I’ve yet to read the ongoing Image comic book series, but I do watch the Walking Dead TV show on cable. I’ve seen most of the permutations of zomibiedom that George Romero, the filmmaker who gave us the kick ass original black and white, low budget Night of the Living Dead, has produced over the years. Having read the 1954 book, I’ve also seen how Richard Matheson’s I Am Legend , said to be an influence on Night of the Living Dead, about a vampire plague that transforms humanity, and the seemingly lone remaining human man, Robert Neville, who is immune and tries to figure out why. The book has been filmed three times and itself transformed. First it was the ‘60s the Last Man on Earth with Vincent Price. Filmed in Rome, dubbed in English, except for Price (though I suppose he was dubbed in Italian) and transplanted from where the book is set in and around Gardena, California.
Matheson’s novel was remade in 1971 as the Omega Man. This version is set in a desolated downtown Los Angles with Charlton Heston. Omega Man begins with Neville sitting in an empty theater watching, yet again, the Woodstock documentary (the DVD has a cool extra with Heston chatting with famed anthropologist Ashley Montague about the role of civilization and what not) . The plague is not caused by bacteria this time but springs form a laboratory and turns folks into albino, sun sensitive mutants who sport sunglasses and hoodies like Justin Bieber on the quiet trying to duck the paparazzi Then the 2007 film, I Am Legend, takes place in a dystopian near future Manhattan overrun with greenery and wildlife. Will Smith is Neville battling shambling, drooling hordes of zombie-like creatures out of 28 Days Later – complete with them moving about in that shaky cam, high shutter speed strobe effect way.
No surprise then that zombies came to mind when I read Nita Lelyveld’s recent piece in the L.A. Times “Above It All in Hollywood.” Her article contrasted the glass pipes for sale in the shops along the Boulevard below, and the man trolling the trash for cans to recycle, and up above where there are expensive condos and penthouses on the top three floors of the residences, next door to and part of the W hotel, can go for a million to $45 million. Where prospective buyers can peruse the “51 Things Home Can Do” brochure. Activities that don’t require you to interact with the hoi poli, except for when the valet parks your car or the maid comes to clean. These include the ability to order penne puttanesca at midnight and, and this is No. 26, “revisit the Kama Sutra together (is there another way?) on your wenge-stained plank hardwood flooring.” Good grief.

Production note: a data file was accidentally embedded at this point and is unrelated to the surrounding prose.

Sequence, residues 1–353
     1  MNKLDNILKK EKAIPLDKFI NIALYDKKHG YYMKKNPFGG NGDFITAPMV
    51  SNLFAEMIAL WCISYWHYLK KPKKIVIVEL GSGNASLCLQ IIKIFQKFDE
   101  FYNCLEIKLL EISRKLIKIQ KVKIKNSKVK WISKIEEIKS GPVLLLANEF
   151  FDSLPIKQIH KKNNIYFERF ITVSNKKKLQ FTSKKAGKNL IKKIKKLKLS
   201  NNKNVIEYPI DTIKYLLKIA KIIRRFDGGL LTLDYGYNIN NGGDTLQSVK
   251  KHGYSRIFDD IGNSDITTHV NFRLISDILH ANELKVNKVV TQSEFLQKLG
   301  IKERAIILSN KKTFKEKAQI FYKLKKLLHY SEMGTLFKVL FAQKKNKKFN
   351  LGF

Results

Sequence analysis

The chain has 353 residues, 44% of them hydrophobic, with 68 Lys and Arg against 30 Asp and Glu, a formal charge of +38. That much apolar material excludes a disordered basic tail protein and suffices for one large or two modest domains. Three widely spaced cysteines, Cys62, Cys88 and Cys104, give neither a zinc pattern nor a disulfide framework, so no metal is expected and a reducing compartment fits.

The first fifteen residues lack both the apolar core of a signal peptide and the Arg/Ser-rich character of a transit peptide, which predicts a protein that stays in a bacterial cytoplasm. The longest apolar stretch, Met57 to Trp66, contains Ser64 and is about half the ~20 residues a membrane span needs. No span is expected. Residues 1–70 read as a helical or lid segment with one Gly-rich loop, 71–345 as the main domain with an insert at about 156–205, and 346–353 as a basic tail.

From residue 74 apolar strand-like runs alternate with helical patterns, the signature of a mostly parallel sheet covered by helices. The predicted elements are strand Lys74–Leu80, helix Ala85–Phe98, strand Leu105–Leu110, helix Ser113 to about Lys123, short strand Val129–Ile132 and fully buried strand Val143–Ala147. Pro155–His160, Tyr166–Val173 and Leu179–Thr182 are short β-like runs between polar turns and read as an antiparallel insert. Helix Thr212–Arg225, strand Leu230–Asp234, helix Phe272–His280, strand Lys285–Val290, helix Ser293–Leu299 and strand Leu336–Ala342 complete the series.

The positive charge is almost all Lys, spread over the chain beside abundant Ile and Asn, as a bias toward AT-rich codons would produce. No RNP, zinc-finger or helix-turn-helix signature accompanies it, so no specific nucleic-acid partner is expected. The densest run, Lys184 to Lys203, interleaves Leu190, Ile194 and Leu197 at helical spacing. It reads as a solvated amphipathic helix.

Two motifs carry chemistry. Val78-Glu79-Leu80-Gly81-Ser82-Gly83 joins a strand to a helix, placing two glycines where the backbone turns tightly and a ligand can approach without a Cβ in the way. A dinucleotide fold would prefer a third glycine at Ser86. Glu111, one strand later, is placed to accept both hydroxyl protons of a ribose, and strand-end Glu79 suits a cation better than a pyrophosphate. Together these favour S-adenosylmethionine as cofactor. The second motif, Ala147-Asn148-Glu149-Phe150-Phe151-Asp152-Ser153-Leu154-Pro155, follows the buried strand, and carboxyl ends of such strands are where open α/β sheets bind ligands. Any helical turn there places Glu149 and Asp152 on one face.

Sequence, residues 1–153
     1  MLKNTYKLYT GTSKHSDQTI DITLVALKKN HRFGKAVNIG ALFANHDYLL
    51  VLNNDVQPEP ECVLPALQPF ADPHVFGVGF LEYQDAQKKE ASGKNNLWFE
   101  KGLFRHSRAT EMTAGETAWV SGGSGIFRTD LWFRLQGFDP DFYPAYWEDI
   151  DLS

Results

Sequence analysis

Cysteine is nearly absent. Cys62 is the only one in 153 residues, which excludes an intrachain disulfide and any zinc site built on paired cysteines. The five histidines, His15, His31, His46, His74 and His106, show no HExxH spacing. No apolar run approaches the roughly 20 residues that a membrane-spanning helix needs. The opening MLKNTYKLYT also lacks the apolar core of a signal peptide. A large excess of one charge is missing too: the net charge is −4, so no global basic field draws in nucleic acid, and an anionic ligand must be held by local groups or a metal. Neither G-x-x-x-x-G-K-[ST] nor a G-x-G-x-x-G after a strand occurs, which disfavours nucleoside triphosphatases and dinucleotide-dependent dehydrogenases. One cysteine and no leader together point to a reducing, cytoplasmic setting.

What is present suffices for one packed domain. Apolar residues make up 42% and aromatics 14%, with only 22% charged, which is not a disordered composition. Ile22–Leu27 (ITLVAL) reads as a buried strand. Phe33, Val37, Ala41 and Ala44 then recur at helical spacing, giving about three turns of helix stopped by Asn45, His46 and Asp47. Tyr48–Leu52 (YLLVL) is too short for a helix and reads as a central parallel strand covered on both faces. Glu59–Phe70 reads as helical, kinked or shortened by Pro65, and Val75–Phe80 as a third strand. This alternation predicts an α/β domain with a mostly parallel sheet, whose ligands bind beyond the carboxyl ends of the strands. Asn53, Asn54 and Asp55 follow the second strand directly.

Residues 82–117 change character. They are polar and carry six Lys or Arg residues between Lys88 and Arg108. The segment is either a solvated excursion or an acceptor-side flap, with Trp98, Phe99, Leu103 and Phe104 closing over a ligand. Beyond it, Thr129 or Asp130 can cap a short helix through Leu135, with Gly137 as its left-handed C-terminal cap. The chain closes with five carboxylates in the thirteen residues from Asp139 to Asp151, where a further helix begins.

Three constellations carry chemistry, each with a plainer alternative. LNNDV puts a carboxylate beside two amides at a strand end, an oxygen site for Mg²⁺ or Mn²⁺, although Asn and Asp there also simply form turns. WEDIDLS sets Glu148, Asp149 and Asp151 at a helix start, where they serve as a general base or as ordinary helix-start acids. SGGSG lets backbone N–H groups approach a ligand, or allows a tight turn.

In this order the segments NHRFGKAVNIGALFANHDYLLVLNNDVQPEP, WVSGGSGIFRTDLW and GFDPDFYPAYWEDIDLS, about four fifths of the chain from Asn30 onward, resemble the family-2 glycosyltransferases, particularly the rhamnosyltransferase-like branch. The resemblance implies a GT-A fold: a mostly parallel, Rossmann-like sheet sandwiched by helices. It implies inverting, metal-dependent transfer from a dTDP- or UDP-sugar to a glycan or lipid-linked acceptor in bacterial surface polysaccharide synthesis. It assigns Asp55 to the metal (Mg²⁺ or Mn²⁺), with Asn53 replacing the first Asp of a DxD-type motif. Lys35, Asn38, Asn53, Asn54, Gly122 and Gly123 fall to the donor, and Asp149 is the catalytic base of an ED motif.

In George Romero’s 2005 Land of the Dead, the non-zombie masses live in crappy lean-to’s in encampments while their feudal lord, Dennis Hopper’s Kaufman and a privileged few, live in the well-fortified Fiddler’s Green highrise. From his aerie, Kaufman dispenses his zombie destroying armored vehicle, Dead Reckoning, to protect his well-heeled sycophants, while smoking cigars and sipping fine scotch. Should the zombie plague sweep the Southland, the Residences could become the west coast Fiddler’s Green. Movie stars and their personal assistants, arbitragers and Yahoo execs hunker down as their paid heavily armed security staff keep zombified waitresses and UPS drivers at bay from their gun towers. The metaphor for those who have (brains) and the have nots (wanting to eat brains) writ large in the streets of Hollywood.
But what if there arose a leader, a mutant cross between human and zombie? Unliving yet akin to Matheson’s Neville, immune to the ravages of zombification and has their own mind? A someone who could forge an uneasy peace between the two groups, even get the zombie to go on a low carb, insect diet. The one who strategically stages a raid on the residences as a diversion and sneaks into the joint across the wenge-stained floors with a cadre of ninja-zombies.
Now that I’d wait to see…while the strains of Harry Belafonte singing the “Zombie Jamboree,” play over the condo’s PA system, “Back to back and belly to belly, we don’t give a damn ‘cause we’re dead already.”